Results: Successful procedure in first-attempt PCI was 79.5% and the overall success including 47 repeated procedures was achieved in 85.8%. The retrograde approach was attempted in 14.4%. The score was inversely associated with procedural success and lower success rate in more difficult CTOs (p < 0.001). ROC curve for the entire cohort, and first block (case 1–200) and second block (case 201–526) was 0.696, 0.661 and 0.748, respectively. The model showed good calibration for the entire cohort (X2 = 1.7; p = 0.43).

Conclusions: J-CTO score showed an acceptable predictive power for procedural success in this cohort although its discriminatory power is better as the level of experience is improved.

Get Citation

Keywords

percutaneous coronary intervention, chronic total occlusion (CTO), J-CTO score

About this article
Title

J-chronic total occlusion score predictive capacity for percutaneous coronary intervention success of chronic total occlusion: Results from a European single center cohort with progressive experience over time

Journal

Cardiology Journal

Issue

Ahead of print

Article type

Original Article

Published online

2021-06-09

DOI

10.5603/CJ.a2021.0058

Pubmed

34125431

Keywords

percutaneous coronary intervention
chronic total occlusion (CTO)
J-CTO score

Authors

Mohsen Mohandes
Cristina Moreno
Sergio Rojas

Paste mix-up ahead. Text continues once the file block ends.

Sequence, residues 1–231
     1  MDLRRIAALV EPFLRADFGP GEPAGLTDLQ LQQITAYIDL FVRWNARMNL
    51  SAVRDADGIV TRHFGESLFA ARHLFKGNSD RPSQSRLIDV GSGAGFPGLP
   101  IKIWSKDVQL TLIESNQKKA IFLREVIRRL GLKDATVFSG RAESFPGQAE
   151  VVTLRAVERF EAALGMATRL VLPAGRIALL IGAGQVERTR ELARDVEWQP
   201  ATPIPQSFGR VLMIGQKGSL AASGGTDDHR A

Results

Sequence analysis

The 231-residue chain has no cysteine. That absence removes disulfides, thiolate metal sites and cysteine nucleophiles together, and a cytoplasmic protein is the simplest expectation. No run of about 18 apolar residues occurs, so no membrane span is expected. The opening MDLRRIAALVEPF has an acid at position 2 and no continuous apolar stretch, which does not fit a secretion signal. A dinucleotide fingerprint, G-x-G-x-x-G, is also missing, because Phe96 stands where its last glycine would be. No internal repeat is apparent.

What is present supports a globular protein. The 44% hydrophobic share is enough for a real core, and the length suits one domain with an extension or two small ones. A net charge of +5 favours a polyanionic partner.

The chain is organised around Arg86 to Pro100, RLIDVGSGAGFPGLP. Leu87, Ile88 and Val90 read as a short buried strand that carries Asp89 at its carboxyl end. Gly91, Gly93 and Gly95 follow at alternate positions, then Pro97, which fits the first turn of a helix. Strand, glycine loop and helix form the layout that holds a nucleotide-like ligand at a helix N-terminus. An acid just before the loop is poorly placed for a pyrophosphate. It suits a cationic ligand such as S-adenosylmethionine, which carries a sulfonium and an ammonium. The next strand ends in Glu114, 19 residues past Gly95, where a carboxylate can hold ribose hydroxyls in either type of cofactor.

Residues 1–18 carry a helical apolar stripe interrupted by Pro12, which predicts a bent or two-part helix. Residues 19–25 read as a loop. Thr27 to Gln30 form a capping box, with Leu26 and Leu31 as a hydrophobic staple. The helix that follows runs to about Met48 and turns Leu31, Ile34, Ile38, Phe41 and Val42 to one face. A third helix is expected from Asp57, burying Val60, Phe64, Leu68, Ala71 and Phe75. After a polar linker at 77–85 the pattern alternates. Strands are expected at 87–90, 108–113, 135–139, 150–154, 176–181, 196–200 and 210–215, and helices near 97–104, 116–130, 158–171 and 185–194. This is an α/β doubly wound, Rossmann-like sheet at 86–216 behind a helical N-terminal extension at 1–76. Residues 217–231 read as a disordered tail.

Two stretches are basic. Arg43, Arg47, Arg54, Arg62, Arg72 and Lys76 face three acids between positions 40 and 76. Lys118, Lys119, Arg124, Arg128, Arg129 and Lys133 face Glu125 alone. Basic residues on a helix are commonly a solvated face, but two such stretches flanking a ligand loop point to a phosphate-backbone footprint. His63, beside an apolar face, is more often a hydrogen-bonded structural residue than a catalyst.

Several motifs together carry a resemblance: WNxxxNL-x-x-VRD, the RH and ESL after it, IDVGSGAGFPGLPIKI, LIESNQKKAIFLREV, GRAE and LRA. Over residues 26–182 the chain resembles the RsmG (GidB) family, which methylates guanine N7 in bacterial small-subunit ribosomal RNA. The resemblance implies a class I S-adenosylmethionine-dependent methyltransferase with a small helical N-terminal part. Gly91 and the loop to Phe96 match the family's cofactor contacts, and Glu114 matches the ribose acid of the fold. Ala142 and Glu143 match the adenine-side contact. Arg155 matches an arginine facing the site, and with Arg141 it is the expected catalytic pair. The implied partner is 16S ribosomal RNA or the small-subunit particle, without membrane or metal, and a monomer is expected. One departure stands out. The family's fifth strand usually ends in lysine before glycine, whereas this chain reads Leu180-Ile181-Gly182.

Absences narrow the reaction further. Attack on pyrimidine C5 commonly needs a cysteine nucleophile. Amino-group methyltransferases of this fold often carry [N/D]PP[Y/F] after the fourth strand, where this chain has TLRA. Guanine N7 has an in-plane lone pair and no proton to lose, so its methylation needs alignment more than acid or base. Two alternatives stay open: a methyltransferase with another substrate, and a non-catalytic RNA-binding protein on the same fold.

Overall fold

Victor Doblas
Mónica Fuertes
Francisco Fernández
Alberto Pernigotti
Jordi Guarinos
Mercé Camprubi
Alfredo Bardají

References (23)
  1. Yamane M. Current percutaneous recanalization of coronary chronic total occlusion. Revista Española de Cardiología (English Edition). 2012; 65(3): 265–277.
  2. Azzalini L, Carlino M, Bellini B, et al. Long-Term Outcomes of Chronic Total Occlusion Recanalization Versus Percutaneous Coronary Intervention for Complex Non-Occlusive Coronary Artery Disease. Am J Cardiol. 2020; 125(2): 182–188.
  3. Werner GS, Martin-Yuste V, Hildick-Smith D, et al. EUROCTO trial investigators. A randomized multicentre trial to compare revascularization with optimal medical therapy for the treatment of chronic total coronary occlusions. Eur Heart J. 2018; 39(26): 2484–2493.
  4. Christopoulos G, Kandzari DE, Yeh RW, et al. Development and Validation of a Novel Scoring System for Predicting Technical Success of Chronic Total Occlusion Percutaneous Coronary Interventions: The PROGRESS CTO (Prospective Global Registry for the Study of Chronic Total Occlusion Intervention) Score. JACC Cardiovasc Interv. 2016; 9(1): 1–9.
  5. Alessandrino G, Chevalier B, Lefèvre T, et al. A clinical and angiographic scoring system to predict the probability of successful first-attempt percutaneous coronary intervention in patients with total chronic coronary occlusion. JACC Cardiovasc Interv. 2015; 8(12): 1540–1548.
  6. De Jin C, Kim MH, Kim SJ, et al. Predicting successful recanalization in patients with native coronary chronic total occlusion: the Busan CTO Score. Cardiology. 2017; 137(2): 83–91.
  7. Morino Y, Abe M, Morimoto T, et al. Predicting successful guidewire crossing through chronic total occlusion of native coronary lesions within 30 minutes. JACC: Cardiovasc Interv. 2011; 4(2): 213–221.
  8. Nombela-Franco L, Urena M, Jerez-Valero M, et al. Validation of the J-chronic total occlusion score for chronic total occlusion percutaneous coronary intervention in an independent contemporary cohort. Circ Cardiovasc Interv. 2013; 6(6): 635–643.